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Title: The state of rhizospheric science in the era of multi-omics: A practical guide to omics technologies

Abstract

Over the past century, the significance of the rhizosphere has been increasingly recognized by the scientific community. Furthermore, this complex biological system is comprised of vast interconnected networks of microbial organisms that interact directly with their plant hosts, including archaea, bacteria, fungi, picoeukaryotes, and viruses. The rhizosphere provides a nutritional base to the terrestrial biosphere, and is integral to plant growth, crop production, and ecosystem health. There is little mechanistic understanding of the rhizosphere, but, and that constitutes a critical knowledge gap. It inhibits our ability to predict and control the terrestrial ecosystem to achieve desirable outcomes, such as bioenergy production, crop yield maximization, and soil-based carbon sequestration. Multi-omics have the potential to significantly advance our knowledge of rhizospheric science. Our review covers multi-omic techniques and technologies; methods and protocols for specific rhizospheric science questions; and the challenges to be addressed during this century of rhizospheric science.

Authors:
 [1];  [1];  [1];  [2];  [1];  [1];  [1];  [1];  [1];  [1];  [1];  [1]
  1. Pacific Northwest National Lab. (PNNL), Richland, WA (United States). Earth and Biological Sciences Directorate
  2. Graz Univ. of Technology (Austria). Inst. of Environmental Biotechnology
Publication Date:
Research Org.:
Pacific Northwest National Lab. (PNNL), Richland, WA (United States)
Sponsoring Org.:
USDOE
OSTI Identifier:
1355770
Report Number(s):
PNNL-SA-124859
Journal ID: ISSN 2452-2198; PII: S2452219817300666
Grant/Contract Number:  
AC05-76RL01830
Resource Type:
Journal Article: Accepted Manuscript
Journal Name:
Rhizosphere
Additional Journal Information:
Journal Volume: 3; Journal Issue: 2; Journal ID: ISSN 2452-2198
Publisher:
Elsevier
Country of Publication:
United States
Language:
English
Subject:
59 BASIC BIOLOGICAL SCIENCES; 60 APPLIED LIFE SCIENCES; rhizosphere; multi-omics; next-generation sequencing; metagenomics; metatranscriptomics; metabolomics; metaproteomics

Citation Formats

White, Richard Allen, Rivas-Ubach, Albert, Borkum, Mark I., Köberl, Martina, Bilbao, Aivett, Colby, Sean M., Hoyt, David W., Bingol, Kerem, Kim, Young-Mo, Wendler, Jason P., Hixson, Kim K., and Jansson, Christer. The state of rhizospheric science in the era of multi-omics: A practical guide to omics technologies. United States: N. p., 2017. Web. doi:10.1016/J.RHISPH.2017.05.003.
White, Richard Allen, Rivas-Ubach, Albert, Borkum, Mark I., Köberl, Martina, Bilbao, Aivett, Colby, Sean M., Hoyt, David W., Bingol, Kerem, Kim, Young-Mo, Wendler, Jason P., Hixson, Kim K., & Jansson, Christer. The state of rhizospheric science in the era of multi-omics: A practical guide to omics technologies. United States. doi:10.1016/J.RHISPH.2017.05.003.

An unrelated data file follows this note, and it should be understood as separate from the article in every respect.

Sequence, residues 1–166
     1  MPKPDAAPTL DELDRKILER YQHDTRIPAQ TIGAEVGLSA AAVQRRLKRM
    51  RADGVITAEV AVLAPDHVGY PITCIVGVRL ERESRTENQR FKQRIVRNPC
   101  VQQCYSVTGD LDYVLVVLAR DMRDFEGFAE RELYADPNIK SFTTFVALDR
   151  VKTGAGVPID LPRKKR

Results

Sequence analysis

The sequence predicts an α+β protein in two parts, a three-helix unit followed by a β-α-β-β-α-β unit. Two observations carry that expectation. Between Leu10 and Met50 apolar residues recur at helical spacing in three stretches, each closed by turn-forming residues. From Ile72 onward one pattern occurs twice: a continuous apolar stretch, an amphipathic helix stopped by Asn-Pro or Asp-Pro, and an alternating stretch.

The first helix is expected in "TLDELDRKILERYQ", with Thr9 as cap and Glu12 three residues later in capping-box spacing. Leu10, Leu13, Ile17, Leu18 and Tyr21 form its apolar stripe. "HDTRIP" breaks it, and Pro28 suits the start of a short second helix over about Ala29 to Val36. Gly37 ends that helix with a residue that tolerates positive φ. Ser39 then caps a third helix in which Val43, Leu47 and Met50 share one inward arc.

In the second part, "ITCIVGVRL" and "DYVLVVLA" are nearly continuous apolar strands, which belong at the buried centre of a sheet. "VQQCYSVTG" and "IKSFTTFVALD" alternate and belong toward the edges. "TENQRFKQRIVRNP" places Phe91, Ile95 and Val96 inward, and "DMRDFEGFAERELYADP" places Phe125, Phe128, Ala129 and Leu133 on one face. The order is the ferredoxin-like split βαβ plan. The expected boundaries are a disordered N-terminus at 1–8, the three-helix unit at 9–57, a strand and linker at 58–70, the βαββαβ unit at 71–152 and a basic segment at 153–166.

White, Richard Allen, Rivas-Ubach, Albert, Borkum, Mark I., Köberl, Martina, Bilbao, Aivett, Colby, Sean M., Hoyt, David W., Bingol, Kerem, Kim, Young-Mo, Wendler, Jason P., Hixson, Kim K., and Jansson, Christer. Sat . "The state of rhizospheric science in the era of multi-omics: A practical guide to omics technologies". United States. doi:10.1016/J.RHISPH.2017.05.003. https://www.osti.gov/servlets/purl/1355770.
@article{osti_1355770,
title = {The state of rhizospheric science in the era of multi-omics: A practical guide to omics technologies},
author = {White, Richard Allen and Rivas-Ubach, Albert and Borkum, Mark I. and Köberl, Martina and Bilbao, Aivett and Colby, Sean M. and Hoyt, David W. and Bingol, Kerem and Kim, Young-Mo and Wendler, Jason P. and Hixson, Kim K. and Jansson, Christer},
abstractNote = {Over the past century, the significance of the rhizosphere has been increasingly recognized by the scientific community. Furthermore, this complex biological system is comprised of vast interconnected networks of microbial organisms that interact directly with their plant hosts, including archaea, bacteria, fungi, picoeukaryotes, and viruses. The rhizosphere provides a nutritional base to the terrestrial biosphere, and is integral to plant growth, crop production, and ecosystem health. There is little mechanistic understanding of the rhizosphere, but, and that constitutes a critical knowledge gap. It inhibits our ability to predict and control the terrestrial ecosystem to achieve desirable outcomes, such as bioenergy production, crop yield maximization, and soil-based carbon sequestration. Multi-omics have the potential to significantly advance our knowledge of rhizospheric science. Our review covers multi-omic techniques and technologies; methods and protocols for specific rhizospheric science questions; and the challenges to be addressed during this century of rhizospheric science.},
doi = {10.1016/J.RHISPH.2017.05.003},
journal = {Rhizosphere},
number = 2,
volume = 3,
place = {United States},
year = {Sat May 06 00:00:00 EDT 2017},
month = {Sat May 06 00:00:00 EDT 2017}
}

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